A Dance with Dragons
How is Fantasy craft different from 3.5 D&D? I know some of you are really unsure of what Fantasy craft is other than the fact that it’s based on d20/3.5. I thought I’d give a short list of how some things are different.
- Action Dice – Each character starts each session with a pool of action dice. Additional action dice may be gained from various character options, and as GM rewards for playing in character, taking chances (especially heroic ones), furthering the story, solving problems, entertaining the group, and otherwise improving everyone’s experience. Tell a joke, get an action dice. Do something cool/clever, get an action dice. Action dice may be spent in any of the following ways. Unless a rule says otherwise (such as the Sage’s wise counsel ability), characters may only use these options on themselves. There’s no reason to hoard action dice — all action dice not spent by the end of each gaming session are lost. If I am doing my job action dice should be flowing. You use Action Dice to boost a dice roll, to boost your defense, to heal your character, to activate a threat (rolling a 20), and to activate your opponents error (when I roll a 1)
- No attacks of opportunity – instead having enemies around you limits your movement.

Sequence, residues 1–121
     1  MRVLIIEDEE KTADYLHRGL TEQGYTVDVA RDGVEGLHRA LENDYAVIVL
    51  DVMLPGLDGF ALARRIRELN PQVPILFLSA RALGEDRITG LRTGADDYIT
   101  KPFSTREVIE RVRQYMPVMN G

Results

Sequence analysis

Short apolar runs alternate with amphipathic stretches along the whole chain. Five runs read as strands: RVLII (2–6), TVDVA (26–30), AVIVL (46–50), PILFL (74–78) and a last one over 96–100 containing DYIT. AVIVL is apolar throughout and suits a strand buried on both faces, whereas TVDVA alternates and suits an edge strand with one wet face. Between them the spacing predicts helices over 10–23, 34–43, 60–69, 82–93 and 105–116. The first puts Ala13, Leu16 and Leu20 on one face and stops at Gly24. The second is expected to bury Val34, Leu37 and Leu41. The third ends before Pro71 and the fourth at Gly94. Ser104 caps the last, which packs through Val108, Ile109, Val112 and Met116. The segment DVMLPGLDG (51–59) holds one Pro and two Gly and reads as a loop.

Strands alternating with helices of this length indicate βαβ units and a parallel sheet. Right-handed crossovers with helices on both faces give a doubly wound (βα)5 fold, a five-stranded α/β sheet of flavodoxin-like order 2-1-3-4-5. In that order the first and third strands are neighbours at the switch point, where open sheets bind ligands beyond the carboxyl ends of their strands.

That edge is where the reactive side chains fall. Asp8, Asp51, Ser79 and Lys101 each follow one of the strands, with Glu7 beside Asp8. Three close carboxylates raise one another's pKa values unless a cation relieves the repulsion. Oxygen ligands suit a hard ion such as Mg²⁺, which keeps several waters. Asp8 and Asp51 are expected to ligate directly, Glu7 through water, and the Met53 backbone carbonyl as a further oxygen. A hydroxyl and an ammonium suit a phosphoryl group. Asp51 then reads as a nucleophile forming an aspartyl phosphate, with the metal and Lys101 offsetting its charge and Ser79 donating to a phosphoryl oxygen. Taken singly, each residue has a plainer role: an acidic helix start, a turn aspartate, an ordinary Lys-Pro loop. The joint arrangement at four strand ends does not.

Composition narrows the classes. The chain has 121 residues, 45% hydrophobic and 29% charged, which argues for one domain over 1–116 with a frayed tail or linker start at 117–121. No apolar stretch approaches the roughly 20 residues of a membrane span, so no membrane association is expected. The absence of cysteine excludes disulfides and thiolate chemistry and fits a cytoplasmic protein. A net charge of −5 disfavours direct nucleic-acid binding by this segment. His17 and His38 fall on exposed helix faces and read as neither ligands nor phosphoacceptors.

- In D&D 4th you had free actions, minor actions, move actions and standard actions, and full round actions. In Fantasy craft it’s broken down into half actions and two half actions make a full round action. So movement is a half action, attacking is a half action (yes that means you can attack twice in a round), casting some spells is a half action, rolling a tumble skill is a half action. I forgot to mention that Fantasy craft uses free actions as well (eg. Shouting a warning to a teammate)
- Spellcasting is a skill roll. Casting a spell is made by making a Spellcasting skill roll with a DC that depends on the level of the spell being cast. You have a number of spell points that you use to cast spells (eg. a 4th level spell costs 4 points)
- Mages are healers. Playing a MAge means that you are very flexible, you might be a Mage with several offensive spells or you might be a Mage that focuses on healing magic. Priest can only heal depending on the Deity that they worship.
- Vitality and Wounds, not hit points. Fantasy Craft uses a system of Vitality and Wounds similiar to the Star Wars rpg. What is Vitality? It is a mixture of endurance, luck, and the will to fight, measuring a character’s ability to avoid injury. Losing vitality does not represent actual physical damage but rather combat fatigue, as it gradually becomes more difficult for the character to avoid being hurt. As a character’s vitality drops, he edges closer to exhaustion and the possibility of a nasty wound. If you take “damage” to your Vitality you aren’t really hit. What are wounds? It’s a direct measure of a character’s remaining vigor, measuring his ability to sustain injury. As a character’s wounds drop, he acquires abrasions, cuts, and eventually broken bones and worse. These points simulate the flow of an adventure epic, in which the heroes dive through endless ranks of the enemy before they suffer a single serious hit in a critical battle.